But he didn't, and therein may have lain the key to his latest, most personal book, Crisis Time! Love, Marriage and the Male at Midlife (Dodd, Mead, $15.95). It begins with an account of his painful descent, six years ago, into the hazy world of alcohol and drugs. "I believe all men go through some sort of mid-life crisis, though they may not admit it," says Nolen, 57. "Most people, at some point in life, say, 'Hey, wait a minute, is this all there is?' People you know die. You start thinking about your own mortality. If your parents are alive, they may have physical problems. You have children to educate. You feel torn."
Or worse. "At the age of 50 my life began to fall apart," says Nolen. "I hope I shall never again come as close to disaster as I did then."
Litchfield, just west of Minneapolis, is a provincial town with bleak winters and elm-shaded summers. It is a farm community whose inhabitants, mostly of sturdy Nordic descent, are friendly but conservative. If a man chooses to take his life in Litchfield, he is likely to do it with a shotgun.
Bill Nolen was different. An Irish-Catholic liberal from Massachusetts, he loved to drink beer and argue politics and was as relentless at play as at work. "When he loses he's just like a kid with a tantrum," says anesthesiologist Chuck Fuller, 39. "We met at a hockey game when it was 20 below, and Nolen was sweating so much, he had icicles hanging from his sideburns and his stocking cap was frozen to his head. You can only go so long without losing your breath, but he would not give up, especially to a younger man. I'd never seen anything like it."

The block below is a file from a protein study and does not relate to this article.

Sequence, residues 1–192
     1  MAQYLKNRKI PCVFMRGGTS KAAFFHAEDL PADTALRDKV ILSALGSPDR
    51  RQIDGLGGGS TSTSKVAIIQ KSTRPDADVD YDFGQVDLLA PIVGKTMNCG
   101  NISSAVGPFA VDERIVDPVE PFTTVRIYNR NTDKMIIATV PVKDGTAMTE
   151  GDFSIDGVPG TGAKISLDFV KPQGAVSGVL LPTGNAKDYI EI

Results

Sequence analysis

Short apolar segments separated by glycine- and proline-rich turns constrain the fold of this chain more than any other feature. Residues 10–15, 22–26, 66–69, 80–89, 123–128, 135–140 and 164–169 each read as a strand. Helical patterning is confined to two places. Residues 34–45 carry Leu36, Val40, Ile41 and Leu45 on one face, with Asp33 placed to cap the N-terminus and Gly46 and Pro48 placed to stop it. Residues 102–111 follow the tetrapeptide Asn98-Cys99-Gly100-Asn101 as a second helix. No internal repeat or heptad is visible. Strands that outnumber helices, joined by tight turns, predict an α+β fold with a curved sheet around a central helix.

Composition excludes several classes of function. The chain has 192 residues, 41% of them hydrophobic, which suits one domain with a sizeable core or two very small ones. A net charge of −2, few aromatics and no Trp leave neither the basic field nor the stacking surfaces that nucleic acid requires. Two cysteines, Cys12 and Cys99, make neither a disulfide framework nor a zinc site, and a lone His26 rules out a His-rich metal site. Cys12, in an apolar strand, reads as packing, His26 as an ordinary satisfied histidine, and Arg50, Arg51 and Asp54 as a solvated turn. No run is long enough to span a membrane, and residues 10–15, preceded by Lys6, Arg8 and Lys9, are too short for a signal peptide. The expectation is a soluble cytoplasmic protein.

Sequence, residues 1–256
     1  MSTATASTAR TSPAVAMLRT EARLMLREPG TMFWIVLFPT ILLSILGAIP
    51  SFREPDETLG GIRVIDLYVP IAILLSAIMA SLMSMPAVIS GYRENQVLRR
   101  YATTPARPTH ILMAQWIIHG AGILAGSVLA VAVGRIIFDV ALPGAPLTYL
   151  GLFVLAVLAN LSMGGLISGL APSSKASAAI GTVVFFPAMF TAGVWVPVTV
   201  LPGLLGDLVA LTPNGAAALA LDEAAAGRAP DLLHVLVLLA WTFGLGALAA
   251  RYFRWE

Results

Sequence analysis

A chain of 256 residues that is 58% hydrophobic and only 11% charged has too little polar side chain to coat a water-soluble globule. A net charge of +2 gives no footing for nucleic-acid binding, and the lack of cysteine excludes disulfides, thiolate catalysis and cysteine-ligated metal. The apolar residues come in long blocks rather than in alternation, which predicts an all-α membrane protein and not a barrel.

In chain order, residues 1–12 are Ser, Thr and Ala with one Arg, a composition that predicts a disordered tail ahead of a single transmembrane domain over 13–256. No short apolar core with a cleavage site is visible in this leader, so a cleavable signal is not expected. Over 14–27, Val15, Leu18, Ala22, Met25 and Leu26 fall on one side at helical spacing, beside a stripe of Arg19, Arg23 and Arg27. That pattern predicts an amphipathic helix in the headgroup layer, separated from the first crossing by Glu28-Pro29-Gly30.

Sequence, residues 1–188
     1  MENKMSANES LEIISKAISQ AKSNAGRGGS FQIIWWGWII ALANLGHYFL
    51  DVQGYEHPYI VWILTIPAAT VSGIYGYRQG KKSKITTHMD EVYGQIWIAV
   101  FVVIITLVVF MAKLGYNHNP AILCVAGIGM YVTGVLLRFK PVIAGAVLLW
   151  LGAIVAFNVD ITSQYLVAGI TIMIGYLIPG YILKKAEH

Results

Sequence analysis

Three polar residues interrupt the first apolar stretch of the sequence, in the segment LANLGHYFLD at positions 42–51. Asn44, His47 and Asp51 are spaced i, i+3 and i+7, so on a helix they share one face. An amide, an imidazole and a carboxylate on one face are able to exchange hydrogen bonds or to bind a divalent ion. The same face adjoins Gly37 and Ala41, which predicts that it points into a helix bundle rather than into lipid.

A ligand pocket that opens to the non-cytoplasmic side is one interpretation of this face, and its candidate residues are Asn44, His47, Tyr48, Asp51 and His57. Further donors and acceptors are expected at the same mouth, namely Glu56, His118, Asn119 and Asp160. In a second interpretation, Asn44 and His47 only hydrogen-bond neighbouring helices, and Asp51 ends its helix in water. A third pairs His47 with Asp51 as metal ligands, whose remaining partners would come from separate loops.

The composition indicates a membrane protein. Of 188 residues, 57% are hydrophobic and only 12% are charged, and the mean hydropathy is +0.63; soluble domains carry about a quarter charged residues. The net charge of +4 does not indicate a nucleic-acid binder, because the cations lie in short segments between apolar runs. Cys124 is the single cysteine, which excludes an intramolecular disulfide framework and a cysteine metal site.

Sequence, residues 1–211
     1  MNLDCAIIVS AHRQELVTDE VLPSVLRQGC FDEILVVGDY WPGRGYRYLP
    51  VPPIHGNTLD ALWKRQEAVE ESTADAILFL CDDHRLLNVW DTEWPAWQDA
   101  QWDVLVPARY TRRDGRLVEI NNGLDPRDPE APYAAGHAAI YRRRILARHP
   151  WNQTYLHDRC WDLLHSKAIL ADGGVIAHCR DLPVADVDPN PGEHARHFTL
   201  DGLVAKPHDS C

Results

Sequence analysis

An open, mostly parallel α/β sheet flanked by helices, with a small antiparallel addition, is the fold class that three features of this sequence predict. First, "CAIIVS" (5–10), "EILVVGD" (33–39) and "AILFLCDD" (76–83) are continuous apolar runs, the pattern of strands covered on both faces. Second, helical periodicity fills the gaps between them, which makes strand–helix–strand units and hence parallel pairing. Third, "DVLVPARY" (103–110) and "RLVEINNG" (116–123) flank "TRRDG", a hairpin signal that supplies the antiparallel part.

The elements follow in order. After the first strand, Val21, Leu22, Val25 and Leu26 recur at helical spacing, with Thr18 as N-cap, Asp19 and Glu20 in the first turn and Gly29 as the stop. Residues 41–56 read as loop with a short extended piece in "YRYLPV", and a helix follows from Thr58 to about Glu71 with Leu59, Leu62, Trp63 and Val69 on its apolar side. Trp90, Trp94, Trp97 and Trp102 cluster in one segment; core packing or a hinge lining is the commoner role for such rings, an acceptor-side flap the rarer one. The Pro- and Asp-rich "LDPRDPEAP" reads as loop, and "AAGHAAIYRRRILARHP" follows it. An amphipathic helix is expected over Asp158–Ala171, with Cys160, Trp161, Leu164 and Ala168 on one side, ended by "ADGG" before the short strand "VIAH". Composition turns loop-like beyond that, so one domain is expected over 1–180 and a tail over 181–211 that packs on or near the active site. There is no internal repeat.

The Nolens and their children settled into a house two doors from the Litchfield Clinic. Nolen had all the work he could handle, but apparently never more than he wanted. He let other doctors know there was room for only one surgeon, and he was it. "Bill was always in a rush," remembers Dr. Cecil Leitch, one of his partners. "He'd be in and out of the clinic three times a day. I'd follow him on his rounds just to be sure all the questions got answered." From the moment he arrived in Litchfield, Nolen was on call 'round the clock. "My special line didn't ring that much," he says, "but when it did, it could mean an emergency, and I would have to operate immediately. Eventually that really wore me down."